EE Times writer Dylan McGrath notes in an article yesterday that the looming shift from analog to digital TV transmissions — currently scheduled for February 2009 — could impact rural and difficult-to-penetrate mountain communities in the West that depend on translators to re-broadcast weak signals.
While some of you big-city folks out there may be worrying that the shift to digital will render your older analog TV tuners useless without a converter box, the article suggests that many of us living out in the sticks could lose broadcast TV signals entirely. That’s because the FCC currently exempts translator stations from the costly mandate of having to convert to digital transmissions.
Such a mandate could be a somewhat moot point anyway, since many translators are operated by local governments and non-profit community groups, which may not be able to afford the $5,000 to $25,000 conversion cost.
So what’s the impact likely to be in places like my own Glenwood Springs? Not much.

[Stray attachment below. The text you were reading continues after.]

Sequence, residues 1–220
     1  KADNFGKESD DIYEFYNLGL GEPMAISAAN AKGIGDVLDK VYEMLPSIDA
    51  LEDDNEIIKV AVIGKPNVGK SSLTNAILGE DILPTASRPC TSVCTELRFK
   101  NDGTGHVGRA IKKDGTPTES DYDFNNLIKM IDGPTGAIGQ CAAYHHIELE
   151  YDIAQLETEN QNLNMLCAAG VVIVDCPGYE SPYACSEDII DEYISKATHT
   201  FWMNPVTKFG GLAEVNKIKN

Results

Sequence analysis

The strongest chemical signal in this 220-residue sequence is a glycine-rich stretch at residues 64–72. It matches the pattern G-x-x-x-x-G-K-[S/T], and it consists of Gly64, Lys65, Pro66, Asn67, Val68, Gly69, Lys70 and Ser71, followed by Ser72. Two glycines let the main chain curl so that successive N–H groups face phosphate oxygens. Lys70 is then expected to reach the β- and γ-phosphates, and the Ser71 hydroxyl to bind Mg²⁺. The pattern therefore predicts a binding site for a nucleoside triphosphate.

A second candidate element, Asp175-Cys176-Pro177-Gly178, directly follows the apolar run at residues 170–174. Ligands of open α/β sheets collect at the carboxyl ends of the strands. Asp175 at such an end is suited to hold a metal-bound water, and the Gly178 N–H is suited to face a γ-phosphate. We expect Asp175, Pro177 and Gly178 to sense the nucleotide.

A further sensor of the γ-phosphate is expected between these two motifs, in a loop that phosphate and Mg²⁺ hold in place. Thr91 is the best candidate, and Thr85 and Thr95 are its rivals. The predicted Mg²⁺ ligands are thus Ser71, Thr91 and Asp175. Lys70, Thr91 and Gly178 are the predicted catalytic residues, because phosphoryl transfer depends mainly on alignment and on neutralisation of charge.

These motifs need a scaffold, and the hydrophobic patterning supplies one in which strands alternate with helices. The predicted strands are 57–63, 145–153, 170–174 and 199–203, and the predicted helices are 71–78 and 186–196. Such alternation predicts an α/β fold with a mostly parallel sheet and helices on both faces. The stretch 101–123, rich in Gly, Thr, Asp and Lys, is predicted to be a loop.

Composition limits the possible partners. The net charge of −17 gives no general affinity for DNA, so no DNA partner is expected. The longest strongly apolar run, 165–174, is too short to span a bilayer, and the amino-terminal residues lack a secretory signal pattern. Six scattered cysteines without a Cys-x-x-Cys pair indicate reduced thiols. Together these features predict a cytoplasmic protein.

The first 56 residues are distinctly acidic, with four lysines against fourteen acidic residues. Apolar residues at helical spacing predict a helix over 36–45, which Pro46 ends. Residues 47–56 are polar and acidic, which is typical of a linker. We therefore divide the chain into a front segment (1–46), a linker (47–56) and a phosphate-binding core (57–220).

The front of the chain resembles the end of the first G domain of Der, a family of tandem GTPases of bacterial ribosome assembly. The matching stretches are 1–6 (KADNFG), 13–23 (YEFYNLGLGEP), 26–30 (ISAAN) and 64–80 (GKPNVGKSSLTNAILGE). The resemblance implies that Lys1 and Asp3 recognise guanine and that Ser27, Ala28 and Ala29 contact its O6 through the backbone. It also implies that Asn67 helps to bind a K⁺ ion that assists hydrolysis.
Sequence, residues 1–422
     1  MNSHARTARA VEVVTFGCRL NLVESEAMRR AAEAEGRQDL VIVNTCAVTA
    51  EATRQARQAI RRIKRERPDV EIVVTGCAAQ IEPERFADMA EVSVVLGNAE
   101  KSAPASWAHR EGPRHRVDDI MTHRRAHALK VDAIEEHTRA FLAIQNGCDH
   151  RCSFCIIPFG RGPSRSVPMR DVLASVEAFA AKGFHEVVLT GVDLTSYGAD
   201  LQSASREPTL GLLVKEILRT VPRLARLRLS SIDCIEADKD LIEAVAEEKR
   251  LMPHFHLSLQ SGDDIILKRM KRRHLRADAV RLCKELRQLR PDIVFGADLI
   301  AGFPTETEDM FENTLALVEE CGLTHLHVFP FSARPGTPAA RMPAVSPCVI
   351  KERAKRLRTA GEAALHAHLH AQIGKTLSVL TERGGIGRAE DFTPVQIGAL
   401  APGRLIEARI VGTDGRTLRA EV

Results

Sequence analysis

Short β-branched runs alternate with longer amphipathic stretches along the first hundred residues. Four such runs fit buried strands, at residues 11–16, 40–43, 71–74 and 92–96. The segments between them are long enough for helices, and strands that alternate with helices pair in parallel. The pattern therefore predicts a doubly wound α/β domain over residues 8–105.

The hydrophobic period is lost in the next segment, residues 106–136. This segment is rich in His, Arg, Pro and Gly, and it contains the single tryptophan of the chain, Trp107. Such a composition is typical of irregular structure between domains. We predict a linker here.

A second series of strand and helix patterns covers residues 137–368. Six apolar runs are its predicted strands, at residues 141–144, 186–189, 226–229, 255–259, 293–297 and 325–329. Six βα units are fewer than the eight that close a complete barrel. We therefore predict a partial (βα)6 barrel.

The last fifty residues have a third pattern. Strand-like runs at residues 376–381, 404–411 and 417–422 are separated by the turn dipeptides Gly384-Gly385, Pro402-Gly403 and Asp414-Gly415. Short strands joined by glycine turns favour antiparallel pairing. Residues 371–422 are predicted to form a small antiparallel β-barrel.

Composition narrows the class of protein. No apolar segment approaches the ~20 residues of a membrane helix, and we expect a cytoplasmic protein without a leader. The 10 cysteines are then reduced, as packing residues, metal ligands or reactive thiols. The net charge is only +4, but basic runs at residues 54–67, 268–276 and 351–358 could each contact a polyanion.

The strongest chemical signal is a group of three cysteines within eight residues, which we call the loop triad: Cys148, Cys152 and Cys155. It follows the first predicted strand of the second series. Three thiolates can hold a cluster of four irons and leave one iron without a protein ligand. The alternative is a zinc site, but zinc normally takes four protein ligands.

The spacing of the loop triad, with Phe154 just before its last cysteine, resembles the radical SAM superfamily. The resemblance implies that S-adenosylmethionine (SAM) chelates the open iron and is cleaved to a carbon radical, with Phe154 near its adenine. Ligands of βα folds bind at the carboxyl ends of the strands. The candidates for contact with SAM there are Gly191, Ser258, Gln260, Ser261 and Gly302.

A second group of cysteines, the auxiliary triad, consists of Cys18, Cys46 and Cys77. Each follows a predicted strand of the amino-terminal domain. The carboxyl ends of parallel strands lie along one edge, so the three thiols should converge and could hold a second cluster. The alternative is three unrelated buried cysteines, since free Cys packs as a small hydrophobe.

Nearly everyone here already relies on either Comcast cable or Dish and DirectTV satellite services. The nearest Grand Junction TV signals are too weak and fuzzy to be worth watching, and Denver TV signals are non-existent on this side of the Continental Divide.
Similarly, most other American viewers are likely to view the shift with a big yawn, since most now get their TV from either cable or satellite services. A Neilsen Co. study released this month reports that the average U.S. home now receives 104.2 TV channels — up from 18 in 1985 and 61 in 2000. And you can bet those channels aren’t being delivered via the good old rabbit-ears antenna.
My sympathy to those still watching free broadcast TV. But for the majority of us who long ago got used to paying $50-plus a month for TV service, the coming shift to digital TV should be pretty much a non-event.